Lenders protect themselves from intra-day market fluctuations by keeping that "valid through" time/date as short as possible. Know that when you do lock a rate, most lenders will now issue what's known as a "Change of Circumstance" document to you and it will indicate the change as the rate lock. You will also then get a new GFE showing the locked rate and the expiration date of the lock.
So how to best shop? Well, that's a good question. My best advice is that you've probably got to narrow your choices down to a few lenders, get on good communication terms with each and then trust that they're giving you valid rates that you can act upon when they show you a GFE. If you don't get that vibe from them, find someone else. Once I have a client's loan pre-approved, I encourage him/her to call or e-mail any time for a current and accurate quote, and that can then be compared to any other as well as locked if desired. If the client needs a new GFE it's easy to provide.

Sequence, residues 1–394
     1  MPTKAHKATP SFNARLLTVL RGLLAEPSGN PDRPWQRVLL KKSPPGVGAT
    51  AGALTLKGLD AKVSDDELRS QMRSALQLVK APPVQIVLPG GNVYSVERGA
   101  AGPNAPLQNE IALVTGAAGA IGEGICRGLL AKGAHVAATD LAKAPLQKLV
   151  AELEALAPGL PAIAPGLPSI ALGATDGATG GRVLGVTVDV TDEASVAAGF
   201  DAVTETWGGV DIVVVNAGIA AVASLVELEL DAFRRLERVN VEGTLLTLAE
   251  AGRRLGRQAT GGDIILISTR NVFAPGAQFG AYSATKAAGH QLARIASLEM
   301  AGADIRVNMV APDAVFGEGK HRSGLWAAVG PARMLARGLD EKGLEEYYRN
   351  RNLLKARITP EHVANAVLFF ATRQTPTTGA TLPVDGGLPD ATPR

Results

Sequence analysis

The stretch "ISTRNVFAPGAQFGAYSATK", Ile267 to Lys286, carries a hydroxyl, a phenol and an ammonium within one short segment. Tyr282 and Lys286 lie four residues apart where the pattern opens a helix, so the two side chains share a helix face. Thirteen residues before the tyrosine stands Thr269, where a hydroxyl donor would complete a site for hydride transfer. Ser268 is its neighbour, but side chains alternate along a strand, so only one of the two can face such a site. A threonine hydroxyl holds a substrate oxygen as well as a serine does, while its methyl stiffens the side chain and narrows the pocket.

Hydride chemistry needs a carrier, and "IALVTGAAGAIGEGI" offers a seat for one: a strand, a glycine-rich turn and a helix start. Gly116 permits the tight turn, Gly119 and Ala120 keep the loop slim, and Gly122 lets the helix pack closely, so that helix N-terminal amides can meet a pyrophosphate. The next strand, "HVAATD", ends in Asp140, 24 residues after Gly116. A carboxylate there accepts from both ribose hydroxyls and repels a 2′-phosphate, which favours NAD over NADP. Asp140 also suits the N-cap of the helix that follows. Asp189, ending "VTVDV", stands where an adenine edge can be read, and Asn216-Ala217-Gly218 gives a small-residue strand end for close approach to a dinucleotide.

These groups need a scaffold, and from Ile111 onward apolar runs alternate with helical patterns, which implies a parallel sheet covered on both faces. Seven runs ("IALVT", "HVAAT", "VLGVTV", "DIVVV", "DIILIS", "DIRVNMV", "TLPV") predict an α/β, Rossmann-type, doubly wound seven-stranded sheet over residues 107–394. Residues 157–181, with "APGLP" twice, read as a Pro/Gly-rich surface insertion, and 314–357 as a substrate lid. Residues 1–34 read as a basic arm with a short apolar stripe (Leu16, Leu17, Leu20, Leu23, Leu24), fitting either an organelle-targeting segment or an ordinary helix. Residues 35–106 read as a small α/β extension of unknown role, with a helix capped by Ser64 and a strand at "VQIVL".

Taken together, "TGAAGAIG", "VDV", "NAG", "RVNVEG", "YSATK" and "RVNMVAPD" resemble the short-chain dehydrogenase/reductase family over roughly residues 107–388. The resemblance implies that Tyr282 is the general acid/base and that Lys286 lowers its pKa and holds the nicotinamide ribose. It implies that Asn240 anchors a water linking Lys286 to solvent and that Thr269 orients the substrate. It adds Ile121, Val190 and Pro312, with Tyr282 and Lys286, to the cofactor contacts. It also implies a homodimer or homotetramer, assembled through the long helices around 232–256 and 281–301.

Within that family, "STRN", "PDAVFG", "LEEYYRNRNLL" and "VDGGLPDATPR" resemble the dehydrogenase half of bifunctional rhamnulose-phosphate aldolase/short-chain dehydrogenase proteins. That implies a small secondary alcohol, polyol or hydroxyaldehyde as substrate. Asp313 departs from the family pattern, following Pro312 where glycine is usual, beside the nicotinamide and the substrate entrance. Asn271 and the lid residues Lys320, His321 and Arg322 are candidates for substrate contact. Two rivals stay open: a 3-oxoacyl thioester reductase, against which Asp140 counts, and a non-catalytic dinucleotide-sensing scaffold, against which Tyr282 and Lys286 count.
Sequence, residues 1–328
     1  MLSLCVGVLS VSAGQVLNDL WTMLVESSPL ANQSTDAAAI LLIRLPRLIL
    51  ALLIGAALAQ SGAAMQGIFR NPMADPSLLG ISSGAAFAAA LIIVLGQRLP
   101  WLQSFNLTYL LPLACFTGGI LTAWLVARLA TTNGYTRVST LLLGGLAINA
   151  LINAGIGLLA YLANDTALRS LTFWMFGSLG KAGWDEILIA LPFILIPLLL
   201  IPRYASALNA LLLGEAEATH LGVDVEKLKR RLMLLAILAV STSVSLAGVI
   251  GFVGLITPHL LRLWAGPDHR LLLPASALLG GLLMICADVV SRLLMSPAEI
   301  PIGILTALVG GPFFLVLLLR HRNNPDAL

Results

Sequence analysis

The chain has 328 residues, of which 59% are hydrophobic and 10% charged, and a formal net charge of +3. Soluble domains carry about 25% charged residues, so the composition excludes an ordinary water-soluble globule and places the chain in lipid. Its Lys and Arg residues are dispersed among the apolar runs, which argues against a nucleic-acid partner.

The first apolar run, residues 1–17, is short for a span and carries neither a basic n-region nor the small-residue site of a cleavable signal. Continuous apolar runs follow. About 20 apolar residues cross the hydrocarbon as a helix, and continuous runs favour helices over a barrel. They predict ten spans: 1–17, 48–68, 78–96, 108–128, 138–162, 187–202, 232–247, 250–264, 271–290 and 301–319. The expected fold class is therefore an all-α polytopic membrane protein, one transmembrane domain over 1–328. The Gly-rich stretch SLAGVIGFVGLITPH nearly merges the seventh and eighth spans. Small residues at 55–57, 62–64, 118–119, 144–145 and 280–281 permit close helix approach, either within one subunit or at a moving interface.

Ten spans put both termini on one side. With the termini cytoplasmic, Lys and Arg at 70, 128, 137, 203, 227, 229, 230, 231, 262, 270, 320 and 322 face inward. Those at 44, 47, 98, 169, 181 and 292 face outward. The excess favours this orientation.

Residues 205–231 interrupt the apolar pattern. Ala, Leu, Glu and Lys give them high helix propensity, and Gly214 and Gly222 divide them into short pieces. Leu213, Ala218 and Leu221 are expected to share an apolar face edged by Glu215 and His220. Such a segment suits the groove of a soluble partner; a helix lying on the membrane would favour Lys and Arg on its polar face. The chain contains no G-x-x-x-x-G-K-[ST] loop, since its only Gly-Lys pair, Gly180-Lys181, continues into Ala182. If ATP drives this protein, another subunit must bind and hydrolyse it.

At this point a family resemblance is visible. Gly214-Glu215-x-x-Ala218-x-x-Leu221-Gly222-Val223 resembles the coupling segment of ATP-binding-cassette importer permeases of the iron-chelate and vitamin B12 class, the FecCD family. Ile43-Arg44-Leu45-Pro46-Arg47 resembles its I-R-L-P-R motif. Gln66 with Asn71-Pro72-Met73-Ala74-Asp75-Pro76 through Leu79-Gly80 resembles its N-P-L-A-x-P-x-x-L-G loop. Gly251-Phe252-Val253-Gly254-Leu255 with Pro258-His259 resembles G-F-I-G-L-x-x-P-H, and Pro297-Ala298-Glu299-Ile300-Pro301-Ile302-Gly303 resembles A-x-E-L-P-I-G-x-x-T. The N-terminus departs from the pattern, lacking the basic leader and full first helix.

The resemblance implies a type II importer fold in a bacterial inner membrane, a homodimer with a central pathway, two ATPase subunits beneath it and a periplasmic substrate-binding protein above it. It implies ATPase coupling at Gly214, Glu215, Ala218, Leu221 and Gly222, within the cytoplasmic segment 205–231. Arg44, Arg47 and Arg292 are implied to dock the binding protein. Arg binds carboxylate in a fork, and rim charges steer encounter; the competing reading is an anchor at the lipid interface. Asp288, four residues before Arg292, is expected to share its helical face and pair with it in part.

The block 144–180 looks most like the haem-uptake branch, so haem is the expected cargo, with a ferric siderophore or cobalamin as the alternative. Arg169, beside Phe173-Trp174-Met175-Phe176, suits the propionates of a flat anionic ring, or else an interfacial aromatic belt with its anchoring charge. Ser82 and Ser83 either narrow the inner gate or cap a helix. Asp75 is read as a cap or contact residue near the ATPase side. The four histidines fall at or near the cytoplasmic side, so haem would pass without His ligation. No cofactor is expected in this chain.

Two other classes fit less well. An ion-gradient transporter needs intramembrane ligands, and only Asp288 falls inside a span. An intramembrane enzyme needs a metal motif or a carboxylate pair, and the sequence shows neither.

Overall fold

I hope this helps, but let me know if not.
Tripoint Mortgage Group, Inc.